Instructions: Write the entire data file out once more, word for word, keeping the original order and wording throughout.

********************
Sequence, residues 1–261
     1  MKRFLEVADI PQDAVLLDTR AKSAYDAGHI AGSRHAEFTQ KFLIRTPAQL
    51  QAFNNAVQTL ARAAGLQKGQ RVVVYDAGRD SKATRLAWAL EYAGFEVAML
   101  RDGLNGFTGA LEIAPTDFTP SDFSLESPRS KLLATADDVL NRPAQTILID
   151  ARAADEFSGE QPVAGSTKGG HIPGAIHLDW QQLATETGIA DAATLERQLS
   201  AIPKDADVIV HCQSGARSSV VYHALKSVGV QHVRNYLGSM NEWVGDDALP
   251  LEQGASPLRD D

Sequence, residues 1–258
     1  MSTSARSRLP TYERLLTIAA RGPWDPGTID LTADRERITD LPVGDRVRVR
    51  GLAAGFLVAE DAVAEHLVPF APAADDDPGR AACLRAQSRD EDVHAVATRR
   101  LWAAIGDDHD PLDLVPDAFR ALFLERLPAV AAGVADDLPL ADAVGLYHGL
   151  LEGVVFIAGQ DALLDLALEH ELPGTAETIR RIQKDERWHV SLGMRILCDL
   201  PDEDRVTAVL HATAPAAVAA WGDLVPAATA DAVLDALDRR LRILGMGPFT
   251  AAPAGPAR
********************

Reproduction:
Sequence, residues 1–261
     1  MKRFLEVADI PQDAVLLDTR AKSAYDAGHI AGSRHAEFTQ KFLIRTPAQL
    51  QAFNNAVQTL ARAAGLQKGQ RVVVYDAGRD SKATRLAWAL EYAGFEVAML
   101  RDGLNGFTGA LEIAPTDFTP SDFSLESPRS KLLATADDVL NRPAQTILID
   151  ARAADEFSGE QPVAGSTKGG HIPGAIHLDW QQLATETGIA DAATLERQLS
   201  AIPKDADVIV HCQSGARSSV VYHALKSVGV QHVRNYLGSM NEWVGDDALP
   251  LEQGASPLRD D

Sequence, residues 1–258
     1  MSTSARSRLP TYERLLTIAA RGPWDPGTID LTADRERITD LPVGDRVRVR
    51  GLAAGFLVAE DAVAEHLVPF APAADDDPGR AACLRAQSRD EDVHAVATRR
   101  LWAAIGDDHD PLDLVPDAFR ALFLERLPAV AAGVADDLPL ADAVGLYHGL
   151  LEGVVFIAGQ DALLDLALEH ELPGTAETIR RIQKDERWHV SLGMRILCDL
   201  PDEDRVTAVL HATAPAAVAA WGDLVPAATA DAVLDALDRR LRILGMGPFT
   251  AAPAGPAR